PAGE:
The Wolfram Language for the Hour of Code
Get ready, get set… code! It’s the time of year to get thinking about programming with the Hour of Code.
For many years, Wolfram Research has promoted and supported initiatives that encourage computation, programming, and STEM education, and we are always thrilled when efforts are taken by others to do the same. Code.org, in conjunction with Computer Science Education Week, is sponsoring an event to encourage educators and organizations across the country to dedicate a single hour to coding. This hour gives kids (and adults, too!) a taste of what it means to study computer science—and how it can actually be a creative, fun, and fulfilling process. Millions of students participated in the Hour of Code in past years, and instructors are looking for more engaging activities for their students to try. Enter the Wolfram Language.
In addition to natural language understanding, the Wolfram Language also has lots of built-in functions that let you show core computation concepts with tiny amounts of code (often just one or two functions!).
With our newly released cloud products, you can get started for free!
To support the Hour of Code, Wolfram is putting together a workshop for instructors and parents to learn more about programming activities in the Wolfram Language. The workshop takes place December 4, 4–5pm EST. Register for the free event here. During the workshop, we will introduce the basics of the Wolfram Language and walk through several resources to get students coding, as well as demo our upcoming Wolfram Programming Lab offering.
Learning and experimenting with programming in the Wolfram Language doesn’t have to stop with the Hour of Code. Have students create a tweet-length program with Wolfram’s Tweet-a-Program. Compose a tweet-length Wolfram Language program and tweet it to @WolframTaP. Our Twitter bot will run your program in the Wolfram Cloud and tweet back the result.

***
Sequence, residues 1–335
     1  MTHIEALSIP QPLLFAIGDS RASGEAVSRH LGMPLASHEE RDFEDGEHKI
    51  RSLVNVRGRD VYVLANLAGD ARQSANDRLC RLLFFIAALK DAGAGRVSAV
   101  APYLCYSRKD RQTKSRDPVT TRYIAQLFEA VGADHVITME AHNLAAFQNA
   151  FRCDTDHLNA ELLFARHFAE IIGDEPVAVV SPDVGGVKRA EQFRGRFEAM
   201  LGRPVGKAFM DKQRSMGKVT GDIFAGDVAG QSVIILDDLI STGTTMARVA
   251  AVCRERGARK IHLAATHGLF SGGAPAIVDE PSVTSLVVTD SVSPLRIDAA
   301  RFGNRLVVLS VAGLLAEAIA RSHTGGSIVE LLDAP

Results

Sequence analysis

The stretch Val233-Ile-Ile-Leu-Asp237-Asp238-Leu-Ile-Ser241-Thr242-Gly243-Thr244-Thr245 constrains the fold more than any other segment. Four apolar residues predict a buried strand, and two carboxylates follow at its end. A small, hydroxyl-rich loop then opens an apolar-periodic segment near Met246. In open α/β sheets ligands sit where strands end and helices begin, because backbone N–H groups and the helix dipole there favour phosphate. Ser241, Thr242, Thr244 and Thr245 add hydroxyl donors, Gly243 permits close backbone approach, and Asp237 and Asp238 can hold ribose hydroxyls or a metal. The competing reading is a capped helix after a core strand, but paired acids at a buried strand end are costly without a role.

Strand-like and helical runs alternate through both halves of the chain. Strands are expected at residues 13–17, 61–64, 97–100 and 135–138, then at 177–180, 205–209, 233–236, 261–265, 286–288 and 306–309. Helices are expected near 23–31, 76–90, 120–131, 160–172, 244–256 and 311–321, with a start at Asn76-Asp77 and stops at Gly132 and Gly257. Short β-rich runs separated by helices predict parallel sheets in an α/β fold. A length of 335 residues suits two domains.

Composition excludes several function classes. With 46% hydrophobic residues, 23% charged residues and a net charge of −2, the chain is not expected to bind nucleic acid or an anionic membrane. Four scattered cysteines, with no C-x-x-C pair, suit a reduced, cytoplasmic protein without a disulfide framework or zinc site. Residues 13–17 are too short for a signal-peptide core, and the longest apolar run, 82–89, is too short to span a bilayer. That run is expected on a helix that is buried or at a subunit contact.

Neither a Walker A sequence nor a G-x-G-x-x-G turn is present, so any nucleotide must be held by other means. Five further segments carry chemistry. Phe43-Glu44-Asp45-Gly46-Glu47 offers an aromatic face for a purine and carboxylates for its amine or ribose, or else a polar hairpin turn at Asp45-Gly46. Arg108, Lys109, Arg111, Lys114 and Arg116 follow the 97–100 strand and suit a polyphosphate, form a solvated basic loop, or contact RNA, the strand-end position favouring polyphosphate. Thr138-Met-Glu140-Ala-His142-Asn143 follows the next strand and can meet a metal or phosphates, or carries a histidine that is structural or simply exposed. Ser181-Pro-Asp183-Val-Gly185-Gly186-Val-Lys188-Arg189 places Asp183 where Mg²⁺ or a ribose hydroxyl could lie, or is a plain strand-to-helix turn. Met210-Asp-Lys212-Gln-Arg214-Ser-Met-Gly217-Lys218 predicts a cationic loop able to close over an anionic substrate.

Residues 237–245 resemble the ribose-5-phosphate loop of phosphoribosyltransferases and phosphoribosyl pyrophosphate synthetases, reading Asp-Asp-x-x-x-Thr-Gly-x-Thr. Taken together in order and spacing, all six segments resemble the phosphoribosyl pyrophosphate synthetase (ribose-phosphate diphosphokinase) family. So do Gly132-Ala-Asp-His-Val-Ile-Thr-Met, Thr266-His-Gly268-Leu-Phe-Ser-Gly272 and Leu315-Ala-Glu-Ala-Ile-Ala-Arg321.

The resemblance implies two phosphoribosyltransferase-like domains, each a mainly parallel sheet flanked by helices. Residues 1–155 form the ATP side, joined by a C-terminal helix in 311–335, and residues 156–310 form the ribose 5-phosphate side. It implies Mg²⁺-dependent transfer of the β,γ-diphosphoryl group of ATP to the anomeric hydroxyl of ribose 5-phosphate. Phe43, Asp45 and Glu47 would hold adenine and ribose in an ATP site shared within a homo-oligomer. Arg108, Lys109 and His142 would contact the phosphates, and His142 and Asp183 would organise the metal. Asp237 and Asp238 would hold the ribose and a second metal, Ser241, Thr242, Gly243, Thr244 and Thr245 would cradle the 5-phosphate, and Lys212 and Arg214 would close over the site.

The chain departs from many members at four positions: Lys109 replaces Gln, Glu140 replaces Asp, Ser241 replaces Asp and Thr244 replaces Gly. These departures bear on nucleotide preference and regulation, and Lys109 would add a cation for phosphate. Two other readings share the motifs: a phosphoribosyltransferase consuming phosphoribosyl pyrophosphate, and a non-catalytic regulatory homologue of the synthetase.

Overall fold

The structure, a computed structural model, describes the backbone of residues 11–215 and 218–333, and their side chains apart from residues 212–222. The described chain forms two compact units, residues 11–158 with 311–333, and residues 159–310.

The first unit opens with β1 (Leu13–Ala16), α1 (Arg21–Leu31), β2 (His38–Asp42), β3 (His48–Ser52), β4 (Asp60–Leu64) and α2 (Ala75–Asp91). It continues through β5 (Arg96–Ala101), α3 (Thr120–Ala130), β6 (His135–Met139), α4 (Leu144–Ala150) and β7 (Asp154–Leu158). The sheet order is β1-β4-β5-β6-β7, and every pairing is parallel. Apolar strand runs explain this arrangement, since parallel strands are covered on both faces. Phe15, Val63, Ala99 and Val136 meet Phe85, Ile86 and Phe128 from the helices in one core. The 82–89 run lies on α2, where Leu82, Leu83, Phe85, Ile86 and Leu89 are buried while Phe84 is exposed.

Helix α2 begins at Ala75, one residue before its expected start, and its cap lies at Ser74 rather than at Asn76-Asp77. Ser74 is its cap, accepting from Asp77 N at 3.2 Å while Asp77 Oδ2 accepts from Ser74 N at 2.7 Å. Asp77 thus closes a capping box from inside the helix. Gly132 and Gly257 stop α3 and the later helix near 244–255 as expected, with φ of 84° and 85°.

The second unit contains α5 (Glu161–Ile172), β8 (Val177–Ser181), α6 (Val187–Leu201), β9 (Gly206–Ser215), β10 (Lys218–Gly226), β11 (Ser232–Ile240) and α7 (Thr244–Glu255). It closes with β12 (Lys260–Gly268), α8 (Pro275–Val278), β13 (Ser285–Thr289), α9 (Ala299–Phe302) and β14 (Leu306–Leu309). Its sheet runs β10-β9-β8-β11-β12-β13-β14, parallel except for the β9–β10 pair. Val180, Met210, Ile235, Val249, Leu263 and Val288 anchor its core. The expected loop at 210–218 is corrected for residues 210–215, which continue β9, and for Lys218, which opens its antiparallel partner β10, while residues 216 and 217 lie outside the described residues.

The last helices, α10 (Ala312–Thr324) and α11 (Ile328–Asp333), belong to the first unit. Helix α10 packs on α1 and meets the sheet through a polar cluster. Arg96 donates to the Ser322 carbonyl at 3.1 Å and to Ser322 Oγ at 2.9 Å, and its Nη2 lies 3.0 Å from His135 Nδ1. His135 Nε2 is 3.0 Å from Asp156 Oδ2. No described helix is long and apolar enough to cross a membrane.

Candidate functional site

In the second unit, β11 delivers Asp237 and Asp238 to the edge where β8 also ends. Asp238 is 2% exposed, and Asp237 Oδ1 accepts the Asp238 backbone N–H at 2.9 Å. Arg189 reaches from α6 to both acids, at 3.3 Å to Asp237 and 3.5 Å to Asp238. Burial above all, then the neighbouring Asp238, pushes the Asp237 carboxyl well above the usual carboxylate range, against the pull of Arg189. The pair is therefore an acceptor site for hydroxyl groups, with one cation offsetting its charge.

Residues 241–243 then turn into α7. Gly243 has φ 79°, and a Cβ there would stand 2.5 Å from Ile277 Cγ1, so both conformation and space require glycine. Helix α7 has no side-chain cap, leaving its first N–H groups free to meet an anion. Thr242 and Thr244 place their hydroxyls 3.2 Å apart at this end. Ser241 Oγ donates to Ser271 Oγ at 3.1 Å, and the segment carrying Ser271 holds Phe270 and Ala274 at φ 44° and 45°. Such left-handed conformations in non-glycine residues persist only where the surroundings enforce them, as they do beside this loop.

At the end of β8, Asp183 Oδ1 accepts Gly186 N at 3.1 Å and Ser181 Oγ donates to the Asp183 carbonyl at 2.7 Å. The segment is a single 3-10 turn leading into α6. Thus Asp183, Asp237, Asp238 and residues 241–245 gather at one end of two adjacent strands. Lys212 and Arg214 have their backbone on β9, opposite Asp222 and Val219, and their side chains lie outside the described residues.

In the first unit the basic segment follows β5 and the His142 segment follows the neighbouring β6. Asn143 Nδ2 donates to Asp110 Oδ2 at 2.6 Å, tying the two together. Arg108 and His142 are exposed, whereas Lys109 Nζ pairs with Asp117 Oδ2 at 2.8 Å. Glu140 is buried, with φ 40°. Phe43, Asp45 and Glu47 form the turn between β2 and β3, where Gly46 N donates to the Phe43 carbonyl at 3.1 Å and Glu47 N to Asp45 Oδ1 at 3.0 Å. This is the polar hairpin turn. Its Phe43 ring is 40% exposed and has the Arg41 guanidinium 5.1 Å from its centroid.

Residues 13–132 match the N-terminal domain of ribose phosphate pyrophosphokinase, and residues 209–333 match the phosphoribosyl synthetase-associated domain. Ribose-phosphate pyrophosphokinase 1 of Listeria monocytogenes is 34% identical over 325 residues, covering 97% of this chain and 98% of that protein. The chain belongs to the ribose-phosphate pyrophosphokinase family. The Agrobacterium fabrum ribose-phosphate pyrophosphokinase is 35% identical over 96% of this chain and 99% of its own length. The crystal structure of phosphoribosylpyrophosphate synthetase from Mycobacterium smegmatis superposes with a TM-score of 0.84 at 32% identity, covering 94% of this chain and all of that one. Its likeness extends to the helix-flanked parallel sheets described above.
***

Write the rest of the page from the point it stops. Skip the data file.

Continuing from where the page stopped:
Learn more about the Wolfram Language with the Wolfram Language Code Gallery. Covering a variety of fields, programming styles, and project sizes, the Wolfram Language Code Gallery shows examples of what can be done with the knowledge-based Wolfram Language—including deployment on the web or elsewhere.
There are other training materials and resources for learning the Wolfram Language. Find numerous free and on-demand courses available on our training site. The Wolfram Demonstrations Project is an open source database of close to 10,000 interactive apps that can be used as learning examples.
As sponsors of organizations like Computer-Based Math™, which is working toward building a completely new math curriculum with computer-based computation at its heart, and the Mathematica Summer Camp, where high school students with limited programming experience learn to code using Mathematica, we are acutely aware of how important programming is in schools today.
Congrats on getting your student or child involved with the Hour of Code, and we look forward to seeing what they create!